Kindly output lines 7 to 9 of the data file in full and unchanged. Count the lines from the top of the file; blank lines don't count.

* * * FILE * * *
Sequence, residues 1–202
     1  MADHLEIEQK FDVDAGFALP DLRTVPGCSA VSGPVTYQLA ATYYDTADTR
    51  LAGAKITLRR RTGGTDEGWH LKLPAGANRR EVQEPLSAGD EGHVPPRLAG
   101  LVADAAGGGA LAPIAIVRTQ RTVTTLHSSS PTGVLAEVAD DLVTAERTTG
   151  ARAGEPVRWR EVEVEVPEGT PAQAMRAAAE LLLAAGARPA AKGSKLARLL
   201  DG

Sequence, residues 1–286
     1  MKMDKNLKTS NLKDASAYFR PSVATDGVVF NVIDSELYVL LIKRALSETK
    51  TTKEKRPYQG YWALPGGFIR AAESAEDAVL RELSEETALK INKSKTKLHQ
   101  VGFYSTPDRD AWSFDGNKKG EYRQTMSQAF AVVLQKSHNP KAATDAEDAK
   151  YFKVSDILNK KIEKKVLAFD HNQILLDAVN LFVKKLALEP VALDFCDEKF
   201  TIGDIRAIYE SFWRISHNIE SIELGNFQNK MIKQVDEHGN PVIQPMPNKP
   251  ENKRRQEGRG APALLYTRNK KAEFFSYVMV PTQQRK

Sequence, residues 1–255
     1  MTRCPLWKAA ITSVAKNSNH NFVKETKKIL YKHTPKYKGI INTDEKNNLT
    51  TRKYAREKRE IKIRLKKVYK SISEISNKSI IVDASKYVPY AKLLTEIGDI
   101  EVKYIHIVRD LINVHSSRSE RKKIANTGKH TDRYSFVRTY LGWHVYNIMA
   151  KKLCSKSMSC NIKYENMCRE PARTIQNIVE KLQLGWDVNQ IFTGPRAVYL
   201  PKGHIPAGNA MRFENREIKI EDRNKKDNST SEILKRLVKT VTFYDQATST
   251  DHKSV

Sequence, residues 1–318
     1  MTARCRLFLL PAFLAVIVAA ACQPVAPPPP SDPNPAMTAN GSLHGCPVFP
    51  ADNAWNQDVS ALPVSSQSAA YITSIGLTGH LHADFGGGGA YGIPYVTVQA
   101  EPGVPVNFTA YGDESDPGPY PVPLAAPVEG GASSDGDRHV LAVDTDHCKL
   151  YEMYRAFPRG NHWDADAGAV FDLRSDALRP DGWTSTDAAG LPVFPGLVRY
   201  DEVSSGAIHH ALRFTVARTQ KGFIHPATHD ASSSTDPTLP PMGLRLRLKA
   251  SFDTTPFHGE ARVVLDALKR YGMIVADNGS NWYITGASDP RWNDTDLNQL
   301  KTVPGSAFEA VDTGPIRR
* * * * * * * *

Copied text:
Sequence, residues 1–286
     1  MKMDKNLKTS NLKDASAYFR PSVATDGVVF NVIDSELYVL LIKRALSETK
    51  TTKEKRPYQG YWALPGGFIR AAESAEDAVL RELSEETALK INKSKTKLHQ